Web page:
Why do dopaminergic medications sometimes enhance and sometimes impair cognitive and behavioral function across species and disorders? Motivated by earlier work linking dopaminergic signals to “reward prediction errors”, we developed an explicit computational model of corticostriatal circuitry and its modulation by these dopaminergic signals in distinct populations of striatal neurons containing D1 and D2 dopamine receptors. The model tied together multiple anatomical, electrophysiological, and pharmacological findings across species, and made a core novel prediction: that prospective positive and negative outcomes of alternative actions are represented separately and that dopamine levels shift the balance to differentiate between reward values or cost values. This basic prediction has been supported by experimental tasks in our lab and several others using pharmacological manipulations of dopamine (in healthy participants and in various patients), PET imaging of D1 and D2 binding, fMRI, and tyrosine depletion. Moreover, although the models were originally inspired based on data from animal models, they have reciprocally inspired rodent researchers to test and validate key model predictions using genetic engineering methods, showing that the two striatal pathways are separately needed (both necessary and sufficient) to induce learning from positive and negative outcomes respectively. Through collaborative work we have also shown in rodents that, as predicted by the model, dopamine depletion progressively induces avoidance, providing a synthesis between the learning and motivational theories of dopamine.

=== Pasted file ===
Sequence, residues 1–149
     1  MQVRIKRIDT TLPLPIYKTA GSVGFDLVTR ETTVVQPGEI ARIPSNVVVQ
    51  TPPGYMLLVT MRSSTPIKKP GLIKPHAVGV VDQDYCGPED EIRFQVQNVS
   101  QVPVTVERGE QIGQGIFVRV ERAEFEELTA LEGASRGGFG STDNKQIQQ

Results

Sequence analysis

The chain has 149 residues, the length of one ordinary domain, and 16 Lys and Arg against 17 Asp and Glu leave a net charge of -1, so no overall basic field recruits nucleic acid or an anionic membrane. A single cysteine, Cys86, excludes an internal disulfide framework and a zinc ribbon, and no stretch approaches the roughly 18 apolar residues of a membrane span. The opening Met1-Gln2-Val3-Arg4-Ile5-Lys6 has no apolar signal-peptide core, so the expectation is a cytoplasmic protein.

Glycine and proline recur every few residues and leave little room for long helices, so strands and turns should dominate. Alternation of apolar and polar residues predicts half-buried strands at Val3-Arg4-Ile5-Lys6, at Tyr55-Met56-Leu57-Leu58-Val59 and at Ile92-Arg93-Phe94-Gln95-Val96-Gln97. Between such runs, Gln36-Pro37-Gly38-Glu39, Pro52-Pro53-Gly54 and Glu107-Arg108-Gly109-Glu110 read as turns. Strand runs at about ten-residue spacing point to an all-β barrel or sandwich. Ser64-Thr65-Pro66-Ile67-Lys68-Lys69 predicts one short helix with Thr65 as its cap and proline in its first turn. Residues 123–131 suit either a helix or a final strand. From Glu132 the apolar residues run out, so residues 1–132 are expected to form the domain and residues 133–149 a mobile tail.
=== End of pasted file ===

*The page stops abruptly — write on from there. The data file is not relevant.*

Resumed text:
More recent work in the lab explores how such reinforcement learning processes can scale up to more sophisticated hierarchical learning problems, where the “actions” that are used to guide behavior and  learning are more abstract, based on nested frontostriatal circuits. The lab further studies the role of information seeking in the explore/exploit dilemma that pervades all RL problems and how it is solved by humans via targeted task designs and models thereof.